Rick Warren “takes on the world” or so says Time magazine.
The famously purpose-driven pastor is not only aiming for global PEACE (promote reconciliation, equip servant leaders, assist the poor, care for the sick, educate the next generation), but also hopes to “redefine presidential politics“. To that end he is hosting Barack Obama and John McCain this week at his 23,000-member Saddleback Church in Orange County, California.
“These are friends of mine that happen to be very different in leadership style, philosophy and background,” Warren said [to the Orange County Register]. “I would like America to get to know them the way I do and make a decision based not on campaign ads that tend to caricature the other guy. I'm going to ask questions that are very different from a lot of the debate and town hall forums.” (Disclosure: I am quoted at length in the article.)
Both Time and the Register's stories raise salient points about covering religion and politics this year. Time's piece brings up issues of tone and balance, while the Register's suggests untapped possibilities.
Time praises Warren as the prototypical “new evangelical” leader. Reaching beyond the Religious Right's “control-the-body” issues (gay marriage, stem cells, and abortion), Warren has embraced a broad set of social concerns, including the environment, poverty and HIV-AIDS.
Warren's energy, intellect, compassion and vision make him sound like a better candidate than the ones already in the presidential race: “He is a natural leader, a pathological schmoozer, insatiably curious and often the smartest person in the room.”
Bottom line: Does Warren really walk on water? Since his PEACE outreach began in Rwanda in 2005, almost 2,000 volunteers have tackled health and development issues there. But according to one USAID-funded worker, the “purpose driven” volunteers have had little impact on the nation's deep-rooted problems.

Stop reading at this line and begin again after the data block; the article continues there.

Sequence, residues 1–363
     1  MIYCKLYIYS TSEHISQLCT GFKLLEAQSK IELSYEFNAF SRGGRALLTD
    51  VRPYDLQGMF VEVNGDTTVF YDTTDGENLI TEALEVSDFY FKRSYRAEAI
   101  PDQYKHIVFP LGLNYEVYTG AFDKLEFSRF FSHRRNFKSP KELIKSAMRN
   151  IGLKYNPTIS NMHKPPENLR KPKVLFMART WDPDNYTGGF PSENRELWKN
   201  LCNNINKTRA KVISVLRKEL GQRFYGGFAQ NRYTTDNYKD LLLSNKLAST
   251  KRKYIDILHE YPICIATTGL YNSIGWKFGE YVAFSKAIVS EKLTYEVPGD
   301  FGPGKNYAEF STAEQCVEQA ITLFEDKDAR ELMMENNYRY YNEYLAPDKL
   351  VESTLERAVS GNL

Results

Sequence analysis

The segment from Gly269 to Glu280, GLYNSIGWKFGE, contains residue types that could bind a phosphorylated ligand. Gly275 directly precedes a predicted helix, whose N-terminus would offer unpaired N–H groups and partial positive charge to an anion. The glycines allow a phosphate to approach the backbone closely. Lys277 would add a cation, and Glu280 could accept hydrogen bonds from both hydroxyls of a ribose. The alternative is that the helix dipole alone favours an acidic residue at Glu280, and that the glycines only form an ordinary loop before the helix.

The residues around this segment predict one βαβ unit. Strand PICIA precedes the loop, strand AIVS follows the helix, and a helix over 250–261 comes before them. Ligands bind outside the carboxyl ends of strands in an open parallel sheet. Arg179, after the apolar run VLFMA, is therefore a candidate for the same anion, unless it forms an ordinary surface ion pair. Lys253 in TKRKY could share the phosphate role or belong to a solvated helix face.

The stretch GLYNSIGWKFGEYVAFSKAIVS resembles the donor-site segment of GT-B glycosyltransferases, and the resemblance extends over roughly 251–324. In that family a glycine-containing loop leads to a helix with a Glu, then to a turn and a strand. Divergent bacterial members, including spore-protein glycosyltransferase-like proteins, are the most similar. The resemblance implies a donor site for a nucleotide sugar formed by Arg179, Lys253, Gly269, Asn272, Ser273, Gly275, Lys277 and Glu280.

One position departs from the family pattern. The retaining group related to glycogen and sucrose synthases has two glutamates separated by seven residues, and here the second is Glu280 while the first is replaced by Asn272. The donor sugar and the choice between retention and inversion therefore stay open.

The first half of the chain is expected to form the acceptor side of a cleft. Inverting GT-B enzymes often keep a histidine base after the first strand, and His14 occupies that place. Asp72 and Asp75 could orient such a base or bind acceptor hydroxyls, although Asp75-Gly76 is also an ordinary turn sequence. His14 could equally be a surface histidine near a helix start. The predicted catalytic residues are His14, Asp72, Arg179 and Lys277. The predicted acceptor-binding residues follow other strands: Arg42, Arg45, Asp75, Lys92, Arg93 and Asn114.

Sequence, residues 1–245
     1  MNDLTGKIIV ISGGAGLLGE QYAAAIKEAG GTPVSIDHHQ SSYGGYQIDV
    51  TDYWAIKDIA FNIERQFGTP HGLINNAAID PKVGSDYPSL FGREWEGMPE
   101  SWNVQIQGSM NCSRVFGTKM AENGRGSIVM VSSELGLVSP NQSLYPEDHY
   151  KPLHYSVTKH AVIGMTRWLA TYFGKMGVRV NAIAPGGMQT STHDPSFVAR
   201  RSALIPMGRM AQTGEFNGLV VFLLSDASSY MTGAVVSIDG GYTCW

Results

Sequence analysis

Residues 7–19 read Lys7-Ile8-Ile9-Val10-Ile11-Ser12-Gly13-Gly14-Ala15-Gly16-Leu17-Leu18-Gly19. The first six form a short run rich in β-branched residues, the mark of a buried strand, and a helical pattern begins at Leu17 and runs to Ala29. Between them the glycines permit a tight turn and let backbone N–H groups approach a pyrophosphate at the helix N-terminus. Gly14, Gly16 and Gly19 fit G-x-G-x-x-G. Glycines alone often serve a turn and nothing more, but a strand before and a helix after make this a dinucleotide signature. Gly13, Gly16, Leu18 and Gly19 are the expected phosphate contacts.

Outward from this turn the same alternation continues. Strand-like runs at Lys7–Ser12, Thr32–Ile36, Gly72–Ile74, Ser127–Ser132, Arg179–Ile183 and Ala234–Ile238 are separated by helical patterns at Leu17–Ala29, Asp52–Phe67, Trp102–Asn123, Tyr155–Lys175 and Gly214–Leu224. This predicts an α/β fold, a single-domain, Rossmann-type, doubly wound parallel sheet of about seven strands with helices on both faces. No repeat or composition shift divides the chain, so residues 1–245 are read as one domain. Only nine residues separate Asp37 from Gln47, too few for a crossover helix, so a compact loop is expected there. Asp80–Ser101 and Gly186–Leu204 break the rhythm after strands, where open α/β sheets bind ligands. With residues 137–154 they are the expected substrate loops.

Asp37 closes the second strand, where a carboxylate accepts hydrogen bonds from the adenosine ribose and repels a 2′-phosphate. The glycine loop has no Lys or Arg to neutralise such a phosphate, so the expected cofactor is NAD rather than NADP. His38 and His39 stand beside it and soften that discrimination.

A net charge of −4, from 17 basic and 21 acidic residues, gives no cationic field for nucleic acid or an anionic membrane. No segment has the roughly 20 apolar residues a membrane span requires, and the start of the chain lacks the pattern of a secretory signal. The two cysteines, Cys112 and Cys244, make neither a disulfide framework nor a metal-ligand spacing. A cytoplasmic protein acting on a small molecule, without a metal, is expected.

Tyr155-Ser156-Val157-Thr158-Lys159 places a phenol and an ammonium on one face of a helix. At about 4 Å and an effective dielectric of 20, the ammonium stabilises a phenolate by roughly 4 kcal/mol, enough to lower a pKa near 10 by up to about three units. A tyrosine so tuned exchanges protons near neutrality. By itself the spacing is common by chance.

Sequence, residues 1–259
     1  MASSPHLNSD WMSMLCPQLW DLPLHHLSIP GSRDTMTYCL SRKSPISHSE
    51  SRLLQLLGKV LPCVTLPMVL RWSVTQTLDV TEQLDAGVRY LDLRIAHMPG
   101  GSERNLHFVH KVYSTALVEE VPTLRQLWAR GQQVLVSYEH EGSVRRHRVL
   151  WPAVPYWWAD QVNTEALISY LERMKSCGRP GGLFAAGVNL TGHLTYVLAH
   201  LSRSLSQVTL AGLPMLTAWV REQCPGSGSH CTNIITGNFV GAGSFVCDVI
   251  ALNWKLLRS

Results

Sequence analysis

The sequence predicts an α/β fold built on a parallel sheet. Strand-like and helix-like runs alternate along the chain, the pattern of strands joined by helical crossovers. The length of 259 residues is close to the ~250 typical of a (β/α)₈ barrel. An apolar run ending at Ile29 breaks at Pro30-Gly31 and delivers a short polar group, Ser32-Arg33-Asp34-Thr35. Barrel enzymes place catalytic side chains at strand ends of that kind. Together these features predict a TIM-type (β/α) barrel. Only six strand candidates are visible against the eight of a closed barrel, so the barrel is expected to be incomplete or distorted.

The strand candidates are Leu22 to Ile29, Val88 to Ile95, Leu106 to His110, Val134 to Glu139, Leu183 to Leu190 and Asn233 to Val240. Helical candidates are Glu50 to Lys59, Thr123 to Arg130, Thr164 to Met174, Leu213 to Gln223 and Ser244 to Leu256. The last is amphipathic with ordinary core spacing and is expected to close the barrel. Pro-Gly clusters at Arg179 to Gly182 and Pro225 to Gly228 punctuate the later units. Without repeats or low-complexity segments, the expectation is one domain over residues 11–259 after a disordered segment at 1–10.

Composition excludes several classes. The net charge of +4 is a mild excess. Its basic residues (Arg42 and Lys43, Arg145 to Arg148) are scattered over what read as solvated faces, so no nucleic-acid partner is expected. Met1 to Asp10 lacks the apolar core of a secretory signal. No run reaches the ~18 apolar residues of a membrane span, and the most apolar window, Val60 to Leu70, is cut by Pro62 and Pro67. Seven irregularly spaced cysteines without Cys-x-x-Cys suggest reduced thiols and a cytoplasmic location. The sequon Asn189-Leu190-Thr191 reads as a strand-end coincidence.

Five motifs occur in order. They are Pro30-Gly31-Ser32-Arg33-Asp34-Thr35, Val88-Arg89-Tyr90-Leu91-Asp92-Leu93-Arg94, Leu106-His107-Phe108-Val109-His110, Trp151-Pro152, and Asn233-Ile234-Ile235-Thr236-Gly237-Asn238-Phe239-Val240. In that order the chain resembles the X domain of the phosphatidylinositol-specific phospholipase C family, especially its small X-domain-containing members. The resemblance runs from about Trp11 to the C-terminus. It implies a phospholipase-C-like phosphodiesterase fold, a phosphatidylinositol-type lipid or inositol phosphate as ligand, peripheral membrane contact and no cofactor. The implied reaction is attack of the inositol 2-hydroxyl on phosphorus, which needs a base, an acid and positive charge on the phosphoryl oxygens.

When Warren hears the criticism he laughs, saying Time's reporter spoke to the “wrong guys.” Working through churches produces change that Western-style measurements can't identify. In other words, Warren's following God's plan, which can't be judged by human standards.
When reporter David Van Biema tweaks Warren, he glosses over the pastor's emerging model for being religious in the 21st century world: “Warren may not aspire to global mogulhood, but he is clearly near giddy over occupying a globetrotting catalyst status normally reserved for ex-Presidents.” The line says a lot about Warren, but does not begin to probe his influence and impact.
Time pulls its punches by using descriptive language. Words like “giddy,” “coronation,” and “sales pitch,” elicit images that undercut the positive picture that the magazine otherwise elaborates. Likewise, the magazine's attempt at “balance”—is Warren really accomplishing anything?—is not seriously engaged. What are the measures for success in working in countries like Rwanda? Are there different standards for secular and spiritual outreach? Has Warren developed benchmarks for his programs? The questions are salient, especially as the number of religious NGOs grows.
Time's middle of the road approach seeks to satisfy all readers. Warren sounds like a great guy but the zingers are hidden in plain sight for those who can see them. Attempts at balance fall short, and most surprisingly, the article fails to place Warren in historical context. By adopting a broader social agenda, is he seeking to realign American evangelicalism with its 19th century roots? Evangelicalism has a long tradition of melding religion and politics in the service of creating a better world (at least according to its lights). How does Warren see himself in regard to this tradition?
The Register's more modest coverage of the upcoming Saddleback Civil Forum on Leadership and Compassion raises questions about covering religion and politics. How does a reporter approach the forum? (And do you send your religion or your politics person?) Is this a vital experiment that can help redefine what the public wants and needs to know about candidates? Can a minister preside over a “civil” discussion? Will candidates reveal aspects of their identities that go beyond sound bites and moments of scripted compassion?
Warren is correct: current political coverage neither tells us what we want or need to know. I am happy to give him an opportunity to show the media how to do it better. I hope, for our sake, he succeeds.